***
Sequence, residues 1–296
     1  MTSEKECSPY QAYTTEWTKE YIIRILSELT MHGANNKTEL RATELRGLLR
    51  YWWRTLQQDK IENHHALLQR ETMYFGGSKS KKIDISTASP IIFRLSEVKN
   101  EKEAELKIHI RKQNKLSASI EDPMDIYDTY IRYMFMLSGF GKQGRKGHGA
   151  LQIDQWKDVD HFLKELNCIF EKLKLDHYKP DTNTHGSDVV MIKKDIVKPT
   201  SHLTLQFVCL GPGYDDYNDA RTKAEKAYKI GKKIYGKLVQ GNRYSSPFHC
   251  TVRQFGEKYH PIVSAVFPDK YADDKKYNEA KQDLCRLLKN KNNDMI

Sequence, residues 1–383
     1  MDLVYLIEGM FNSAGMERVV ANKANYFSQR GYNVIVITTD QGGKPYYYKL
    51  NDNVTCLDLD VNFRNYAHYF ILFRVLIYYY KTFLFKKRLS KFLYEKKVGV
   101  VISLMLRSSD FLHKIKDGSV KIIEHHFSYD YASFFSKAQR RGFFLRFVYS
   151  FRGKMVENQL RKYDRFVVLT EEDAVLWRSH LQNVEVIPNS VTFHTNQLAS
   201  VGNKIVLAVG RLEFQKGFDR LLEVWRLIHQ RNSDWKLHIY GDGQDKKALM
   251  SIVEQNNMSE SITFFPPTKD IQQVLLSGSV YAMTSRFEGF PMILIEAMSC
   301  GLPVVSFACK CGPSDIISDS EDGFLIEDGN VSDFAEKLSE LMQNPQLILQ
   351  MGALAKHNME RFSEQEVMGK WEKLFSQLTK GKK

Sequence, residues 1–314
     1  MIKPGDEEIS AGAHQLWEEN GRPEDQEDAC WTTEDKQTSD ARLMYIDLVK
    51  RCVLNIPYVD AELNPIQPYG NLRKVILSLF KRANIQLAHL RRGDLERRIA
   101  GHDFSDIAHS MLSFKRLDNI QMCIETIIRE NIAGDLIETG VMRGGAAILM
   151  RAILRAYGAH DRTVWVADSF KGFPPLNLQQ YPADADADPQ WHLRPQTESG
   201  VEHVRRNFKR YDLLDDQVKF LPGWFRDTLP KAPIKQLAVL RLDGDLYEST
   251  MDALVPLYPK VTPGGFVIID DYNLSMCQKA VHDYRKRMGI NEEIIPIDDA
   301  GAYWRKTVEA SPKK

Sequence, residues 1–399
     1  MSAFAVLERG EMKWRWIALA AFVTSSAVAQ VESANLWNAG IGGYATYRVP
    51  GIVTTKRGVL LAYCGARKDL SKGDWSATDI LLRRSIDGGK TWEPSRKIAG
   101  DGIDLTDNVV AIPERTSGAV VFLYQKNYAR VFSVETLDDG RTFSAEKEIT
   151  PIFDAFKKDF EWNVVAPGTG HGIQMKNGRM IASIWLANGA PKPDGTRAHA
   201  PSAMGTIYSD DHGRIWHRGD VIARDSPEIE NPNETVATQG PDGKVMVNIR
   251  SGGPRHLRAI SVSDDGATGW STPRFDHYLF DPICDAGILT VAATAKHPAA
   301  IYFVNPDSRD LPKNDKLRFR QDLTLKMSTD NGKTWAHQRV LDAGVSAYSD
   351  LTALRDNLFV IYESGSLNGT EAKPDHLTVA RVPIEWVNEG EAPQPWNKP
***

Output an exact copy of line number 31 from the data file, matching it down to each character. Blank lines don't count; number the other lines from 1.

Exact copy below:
   251  SGGPRHLRAI SVSDDGATGW STPRFDHYLF DPICDAGILT VAATAKHPAA